538 on BGG

I had somehow not noticed that fivethirtyeight.com (the site founded on political poll analysis, now expanded into sports, general news, and lots of politics) does occasional articles on board games. Being a data-driven site, they of course love boardgamegeek.com, which provides lots of data in terms of player ratings and logged play. I love data and board games.

The article of the day is about Gloomhaven, which has been atop the BGG rankings for a while as a very dense, rich game with heavy RPG elements. I have been tempted to play but would need a more dedicated, consistent group. Also, it’s $200, which is not a dealbreaker for me, but I want to get some play from that.

You can see past articles from when Twilight Struggle was #1 or on the worst board games.

As we have said elsewhere, ratings are not so much important as finding a rater whose ratings usually line up with yours. I don’t now if Kurt Loder is the best movie reviewer out there, but his ratings seem closest to mine since Roger Ebert died. BGG is full of people who have ratings globally similar to mine: serious gamers who do not like games determined primarily by chance. I am sure that I could argue with ratings all over the place, but it would be plus or minus two points. No one worth taking seriously is going to argue that Monopoly is a good game. (Monopoly was literally designed to be a horrible experience.)

: Zubon

One thought on “538 on BGG”

  1. Gloomhaven’s a great game, but it’s definitely not for everyone. So, for all those inclined, a few pointers of whether it’s for you or not. (This is coming from the standpoint of someone who primarily plays cooperative games, and did rate it a 10 on BGG.)

    Do not play Gloomhaven if:
    > You actively dislike solo / cooperative gameplay.
    > You are looking for a game that is not a dungeon crawler. (If you want exploration / adventure, play the 7th Continent instead. If you want storytelling in RPGs, try Legacy of Dragonholt instead.)
    > You want something light. Gloomhaven is rules-heavy, and has a very active errata/FAQ on BGG.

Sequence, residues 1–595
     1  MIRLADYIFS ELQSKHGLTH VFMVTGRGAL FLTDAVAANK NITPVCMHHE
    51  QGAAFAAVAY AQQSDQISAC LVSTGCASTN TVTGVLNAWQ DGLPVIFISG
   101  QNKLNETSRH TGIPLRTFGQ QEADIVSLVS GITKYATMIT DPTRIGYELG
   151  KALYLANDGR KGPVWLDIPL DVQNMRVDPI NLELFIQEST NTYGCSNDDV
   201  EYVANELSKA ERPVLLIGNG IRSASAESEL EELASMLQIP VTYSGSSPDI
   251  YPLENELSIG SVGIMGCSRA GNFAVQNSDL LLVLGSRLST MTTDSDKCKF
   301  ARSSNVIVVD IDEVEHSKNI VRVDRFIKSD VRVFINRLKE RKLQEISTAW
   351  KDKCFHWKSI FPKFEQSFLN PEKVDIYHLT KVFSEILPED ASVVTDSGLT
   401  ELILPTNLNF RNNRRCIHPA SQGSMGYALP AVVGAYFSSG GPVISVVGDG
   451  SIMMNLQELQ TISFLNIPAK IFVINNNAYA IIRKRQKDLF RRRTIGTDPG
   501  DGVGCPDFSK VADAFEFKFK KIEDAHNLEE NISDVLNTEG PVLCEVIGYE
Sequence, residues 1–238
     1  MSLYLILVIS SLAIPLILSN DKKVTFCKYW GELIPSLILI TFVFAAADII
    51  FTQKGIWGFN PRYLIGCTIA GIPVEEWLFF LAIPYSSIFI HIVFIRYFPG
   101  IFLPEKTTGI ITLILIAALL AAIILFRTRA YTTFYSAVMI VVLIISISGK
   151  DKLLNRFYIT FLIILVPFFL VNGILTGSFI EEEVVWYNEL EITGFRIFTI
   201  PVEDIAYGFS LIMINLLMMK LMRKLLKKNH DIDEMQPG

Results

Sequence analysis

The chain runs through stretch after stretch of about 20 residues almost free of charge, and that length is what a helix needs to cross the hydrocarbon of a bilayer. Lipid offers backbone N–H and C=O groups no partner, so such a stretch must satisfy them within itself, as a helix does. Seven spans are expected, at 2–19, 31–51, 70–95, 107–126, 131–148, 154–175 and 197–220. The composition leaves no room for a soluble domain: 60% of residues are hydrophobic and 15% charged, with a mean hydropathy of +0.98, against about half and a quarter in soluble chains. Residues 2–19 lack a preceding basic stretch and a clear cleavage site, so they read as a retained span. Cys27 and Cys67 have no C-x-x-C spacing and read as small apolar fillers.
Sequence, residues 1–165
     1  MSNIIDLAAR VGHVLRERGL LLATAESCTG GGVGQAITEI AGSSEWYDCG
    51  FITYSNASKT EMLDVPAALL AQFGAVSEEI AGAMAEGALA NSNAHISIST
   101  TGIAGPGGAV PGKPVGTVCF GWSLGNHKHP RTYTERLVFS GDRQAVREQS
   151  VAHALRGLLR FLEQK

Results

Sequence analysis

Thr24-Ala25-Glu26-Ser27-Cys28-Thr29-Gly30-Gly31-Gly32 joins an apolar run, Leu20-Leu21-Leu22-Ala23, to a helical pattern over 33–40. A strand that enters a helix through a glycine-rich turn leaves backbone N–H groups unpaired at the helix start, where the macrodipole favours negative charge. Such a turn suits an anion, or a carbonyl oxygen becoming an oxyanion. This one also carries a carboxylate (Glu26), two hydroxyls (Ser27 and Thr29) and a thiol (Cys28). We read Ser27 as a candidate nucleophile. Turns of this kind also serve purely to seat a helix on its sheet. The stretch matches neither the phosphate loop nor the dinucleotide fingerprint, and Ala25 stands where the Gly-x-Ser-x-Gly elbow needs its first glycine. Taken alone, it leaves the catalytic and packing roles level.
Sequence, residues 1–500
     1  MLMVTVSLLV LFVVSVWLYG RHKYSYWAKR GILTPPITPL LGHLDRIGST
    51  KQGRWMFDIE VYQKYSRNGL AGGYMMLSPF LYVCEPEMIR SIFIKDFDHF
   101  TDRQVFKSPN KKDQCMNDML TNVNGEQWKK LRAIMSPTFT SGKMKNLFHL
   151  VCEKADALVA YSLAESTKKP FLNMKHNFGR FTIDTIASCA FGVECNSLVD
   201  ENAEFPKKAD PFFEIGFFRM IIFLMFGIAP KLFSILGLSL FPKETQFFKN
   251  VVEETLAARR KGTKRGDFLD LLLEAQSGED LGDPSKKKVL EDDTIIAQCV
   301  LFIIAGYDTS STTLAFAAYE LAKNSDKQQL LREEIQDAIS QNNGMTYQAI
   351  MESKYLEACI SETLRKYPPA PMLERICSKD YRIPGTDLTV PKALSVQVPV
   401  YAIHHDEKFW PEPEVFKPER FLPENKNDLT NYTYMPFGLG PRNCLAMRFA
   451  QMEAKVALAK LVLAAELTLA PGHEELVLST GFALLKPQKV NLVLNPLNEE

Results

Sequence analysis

Do not buy Gloomhaven if:
    > You do not have the time or interest to play a game dozens of times. To actively beat the campaign, going straight through, would take around 25-30 game sessions. More likely, with taking time out to play side scenarios and explore more things, you’ll arrive closer to our group’s 60 game sessions — and that didn’t include completing every scenario in the game book, nor the bonus adventures the creator’s put out. That said, I still suggest playing the game sometime!

    Be careful if:
    > You dislike making permanent changes to cards. By default, the game comes with stickers that can make permanent positive upgrades to cards. That said, there is an optional pack of stickers that are meant to be removable, to make this a less permanent part of the game.
    > Challenge turns you off. The first few games of Gloomhaven are the most punishing — you haven’t gotten the hang of things yet, and you don’t have all the options (equipment, skills, et cetera) to complete things as easily. If you stick through it to get to level 2 and get a little gold along the way, you’ll find things starting to let up on this front.
    > You don’t like the possibility of party intrigue. By default, the game is designed such that the party ‘mostly’ works together — but it encourages people to make suboptimal choices to benefit themselves long-term, and if you pick up an item, you can’t trade it to other people later. (House rules are available to blunt some or all of this, if you find such useful.)

    Play and/or buy Gloomhaven if:
    > You like dungeon crawling, and the idea of playing several characters along a campaign appeals to you.
    > You like hand management, and dealing with the interesting choices of having a hand of 8 cards, and picking which two to play, and how to play them.
    > You like lots of options for upgrading, between your two decks, what equipment to bring with you, and what cards to upgrade.

    Hope this helps!

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